This tutorial describes C's dynamic allocation functions. At their core are malloc() and free(). Each time malloc() is called, a portion of the remaining free memory is allocated. Each time free() is called, memory is returned to the system. The region of free memory from which memory is allocated is called the heap.
The prototypes for the dynamic allocation functions are in <stdlib.h>.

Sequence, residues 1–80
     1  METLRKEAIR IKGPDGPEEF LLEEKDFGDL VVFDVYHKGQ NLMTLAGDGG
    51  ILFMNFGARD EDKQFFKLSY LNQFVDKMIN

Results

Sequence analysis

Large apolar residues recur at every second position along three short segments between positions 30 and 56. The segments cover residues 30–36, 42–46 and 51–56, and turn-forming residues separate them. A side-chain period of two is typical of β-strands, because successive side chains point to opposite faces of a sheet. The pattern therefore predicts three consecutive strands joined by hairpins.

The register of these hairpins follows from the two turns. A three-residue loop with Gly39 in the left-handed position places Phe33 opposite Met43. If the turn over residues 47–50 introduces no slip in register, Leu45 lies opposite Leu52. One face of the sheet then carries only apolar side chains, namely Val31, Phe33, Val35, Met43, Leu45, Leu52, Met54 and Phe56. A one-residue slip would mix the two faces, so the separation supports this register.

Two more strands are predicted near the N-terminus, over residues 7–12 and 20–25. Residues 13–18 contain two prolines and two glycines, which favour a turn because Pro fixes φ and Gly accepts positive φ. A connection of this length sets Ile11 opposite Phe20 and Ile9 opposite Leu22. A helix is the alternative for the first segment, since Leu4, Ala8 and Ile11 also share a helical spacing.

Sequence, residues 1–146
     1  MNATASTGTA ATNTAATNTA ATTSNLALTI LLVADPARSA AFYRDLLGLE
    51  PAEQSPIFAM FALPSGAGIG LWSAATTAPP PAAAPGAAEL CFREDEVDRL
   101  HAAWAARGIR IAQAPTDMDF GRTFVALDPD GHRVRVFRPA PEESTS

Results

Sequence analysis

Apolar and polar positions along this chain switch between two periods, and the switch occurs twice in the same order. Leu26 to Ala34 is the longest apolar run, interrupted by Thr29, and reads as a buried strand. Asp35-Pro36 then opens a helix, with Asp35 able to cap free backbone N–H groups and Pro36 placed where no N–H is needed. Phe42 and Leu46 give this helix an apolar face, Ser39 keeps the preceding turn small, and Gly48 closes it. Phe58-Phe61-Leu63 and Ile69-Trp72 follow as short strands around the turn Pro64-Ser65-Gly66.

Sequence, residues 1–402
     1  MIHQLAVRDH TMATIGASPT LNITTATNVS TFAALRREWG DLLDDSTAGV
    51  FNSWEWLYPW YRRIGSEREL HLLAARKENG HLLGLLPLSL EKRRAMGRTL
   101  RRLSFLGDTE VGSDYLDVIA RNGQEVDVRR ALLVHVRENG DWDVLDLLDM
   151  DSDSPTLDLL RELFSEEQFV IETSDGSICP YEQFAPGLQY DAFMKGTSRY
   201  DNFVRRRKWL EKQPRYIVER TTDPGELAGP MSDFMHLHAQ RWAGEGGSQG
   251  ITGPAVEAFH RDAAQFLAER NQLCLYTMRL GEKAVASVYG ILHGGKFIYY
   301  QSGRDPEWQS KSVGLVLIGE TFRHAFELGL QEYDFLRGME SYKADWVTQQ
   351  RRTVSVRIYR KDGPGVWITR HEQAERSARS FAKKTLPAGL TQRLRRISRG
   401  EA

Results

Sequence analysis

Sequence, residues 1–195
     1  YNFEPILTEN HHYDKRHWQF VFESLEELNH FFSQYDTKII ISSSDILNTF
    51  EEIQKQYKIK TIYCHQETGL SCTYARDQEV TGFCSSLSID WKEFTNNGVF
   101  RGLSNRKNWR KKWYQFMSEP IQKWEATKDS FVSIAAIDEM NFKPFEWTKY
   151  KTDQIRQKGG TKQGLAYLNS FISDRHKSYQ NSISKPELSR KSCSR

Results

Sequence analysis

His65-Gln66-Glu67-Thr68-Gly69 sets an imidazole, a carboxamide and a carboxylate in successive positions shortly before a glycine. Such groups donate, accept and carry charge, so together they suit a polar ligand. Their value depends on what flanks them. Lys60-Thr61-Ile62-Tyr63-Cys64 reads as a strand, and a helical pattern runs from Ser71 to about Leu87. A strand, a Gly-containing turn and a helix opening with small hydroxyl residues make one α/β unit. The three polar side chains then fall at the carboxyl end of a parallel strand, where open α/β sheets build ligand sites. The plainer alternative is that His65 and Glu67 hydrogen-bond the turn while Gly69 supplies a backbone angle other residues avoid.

Standard C defines four dynamic allocation functions that all compilers will supply: calloc(), free(), malloc(), and realloc(). However, your compiler will almost certainly contain several nonstandard variants on these functions to accommodate various options and environmental differences. For example, special allocation functions are supplied by compilers that produce code for the segmented memory model of the 8086. You will want to refer to your compiler's documentation for details and descriptions of additional allocation functions.